This past summer, when we were spending time with my friend Mark, I pulled out my Hasselblad to take a few shots.
"So that's the camera, is it?" he said. I smiled.
"Okay, so I have a question: why is this such a big deal? Like, is your Hasselblad that much better than your Nikon? And is film that much better than digital?"
"Well, no, not better ... different," I responded. And then I realized that describing the difference was more difficult than I expected.
I mean, there are certainly some personal, technical reasons that I love using the Hasselblad: using a film camera that has no electronics whatsoever requires that I get really comfortable shooting manually. The fact that film is relatively expensive means that I have to be way more mindful with how I shoot, since I can't waste any shots (unlike digital, where I can shoot dozens of frames in succession, and simply delete the ones I don't like). Because the Hasselblad shoots in square format (that is, where the resulting images are square), as opposed to the rectangular format of my Nikon, means that I have to learn to frame and compose the shot in a different way.
I love shooting with the Hasselblad because it requires me to exercise some photography muscles that I don't use often enough.
But then I went on to describe how film tends to feel different from digital -- and actually, said the same thing to Aimee when I was in California. "Film has a dreamy quality to it," I said. "For shots where I'm trying to capture exactly what a scene looks like -- when I'm in Africa with ONE, say, and I want the images to be as factually accurate as possible -- I like the Nikon. But when I'm trying to capture what a place feels like -- like, for example, when I'm standing in the Sonoma countryside during the golden hour -- I think the Hasselblad does a better job. Film is just misty and nostalgic. It's all about emotion."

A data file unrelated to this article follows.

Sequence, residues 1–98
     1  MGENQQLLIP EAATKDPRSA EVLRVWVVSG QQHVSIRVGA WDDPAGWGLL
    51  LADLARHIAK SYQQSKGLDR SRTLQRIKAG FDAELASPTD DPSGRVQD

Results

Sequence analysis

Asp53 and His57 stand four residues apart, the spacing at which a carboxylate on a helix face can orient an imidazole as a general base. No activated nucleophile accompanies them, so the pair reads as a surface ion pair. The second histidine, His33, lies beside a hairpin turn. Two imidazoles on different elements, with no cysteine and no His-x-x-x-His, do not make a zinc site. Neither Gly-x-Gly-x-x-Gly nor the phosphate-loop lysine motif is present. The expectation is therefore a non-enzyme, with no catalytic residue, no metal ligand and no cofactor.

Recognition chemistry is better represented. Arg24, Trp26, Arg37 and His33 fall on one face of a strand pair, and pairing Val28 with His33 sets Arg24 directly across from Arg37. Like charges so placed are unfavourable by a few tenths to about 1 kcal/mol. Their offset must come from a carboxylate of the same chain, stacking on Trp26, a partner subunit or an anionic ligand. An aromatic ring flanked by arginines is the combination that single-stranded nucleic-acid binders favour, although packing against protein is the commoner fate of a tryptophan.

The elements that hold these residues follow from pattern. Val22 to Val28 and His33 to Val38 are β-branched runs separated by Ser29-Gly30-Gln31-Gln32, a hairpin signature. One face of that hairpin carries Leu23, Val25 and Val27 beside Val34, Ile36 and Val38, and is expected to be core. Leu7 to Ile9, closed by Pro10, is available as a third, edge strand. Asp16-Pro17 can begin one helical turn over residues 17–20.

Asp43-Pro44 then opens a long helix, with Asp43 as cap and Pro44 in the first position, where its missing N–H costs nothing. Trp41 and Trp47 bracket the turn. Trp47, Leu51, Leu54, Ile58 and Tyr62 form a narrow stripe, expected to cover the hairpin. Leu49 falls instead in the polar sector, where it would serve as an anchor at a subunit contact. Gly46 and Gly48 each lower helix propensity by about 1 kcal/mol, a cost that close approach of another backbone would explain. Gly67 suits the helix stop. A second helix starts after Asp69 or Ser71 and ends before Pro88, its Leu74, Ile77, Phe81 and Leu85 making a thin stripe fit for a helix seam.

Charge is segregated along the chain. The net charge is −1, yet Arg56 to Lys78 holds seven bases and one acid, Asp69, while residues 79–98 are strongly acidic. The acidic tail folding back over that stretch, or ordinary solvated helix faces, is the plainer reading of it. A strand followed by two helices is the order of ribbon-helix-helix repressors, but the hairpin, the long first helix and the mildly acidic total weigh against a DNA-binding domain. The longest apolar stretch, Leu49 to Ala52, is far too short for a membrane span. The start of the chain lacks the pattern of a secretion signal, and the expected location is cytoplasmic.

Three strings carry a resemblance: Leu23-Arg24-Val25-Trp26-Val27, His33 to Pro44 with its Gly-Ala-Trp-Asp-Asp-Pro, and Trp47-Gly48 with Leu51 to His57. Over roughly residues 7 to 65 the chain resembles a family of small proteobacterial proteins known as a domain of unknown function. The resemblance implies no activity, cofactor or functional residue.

Sounds plausible, right? Except as soon as the words came out of my mouth, I wondered if I was talking out of the side of my neck. Could I just be imagining the difference?
As it happened, I had my Hasselblad with me in California, and since I had the vineyards of the gorgeous La Crema winery as a backdrop and it was, in fact, the golden hour, it seemed like a great opportunity to test this theory. (Besides, I wanted to practice shooting into the sun, something "They" always tell you you should never do. I'm a rebel, I am.) I took a series of shots with my Nikon, and then took the same shots, with the same camera settings, with the Hasselblad. Once the film photos were scanned, I processed the shots in almost an identical manner to the digital ones. In theory, the only differences should be:
- the NIkon shots are rectangular, and the Hasselblad shots are square; and
- the Nikon shots were taken with a 50mm lens, and the Hasselblad shots were taken with an 80mm lens -- so the Hasselblad shots will look like I zoomed in a bit closer.
The following are the results (film photos appear directly below their digital counterparts):
So ... what do you think? Do the film shots feel different from the digital shots? If they do, how would you describe the difference? If you sense a difference in mood, which mood do you prefer?
And if you're a photographer who likes to shoot film, why? Do you have certain instances where you prefer to shoot with digital, and others where it's film all the way?
(Incidentally, I'm totally open to being told I'm wrong, there's no difference; or, in the alternative, that there is a difference, but it's not the one that I think.)
Let me know your thoughts below, friends. And with that, as always, have a great weekend.
This post and my trip to Sonoma are kindly sponsored by the awesome folks at La Crema Wines, as part of their new Make Your Moment campaign. La Crema celebrates the deliberate decision to create something fantastic, and invites everyone everywhere to create meaningful moments each day (something that I'm obviously very fond of doing). Over the next few months, I'll be sharing some of my favourite ways to inject awesome, joy-filled moments to your life, so I hope you'll read along.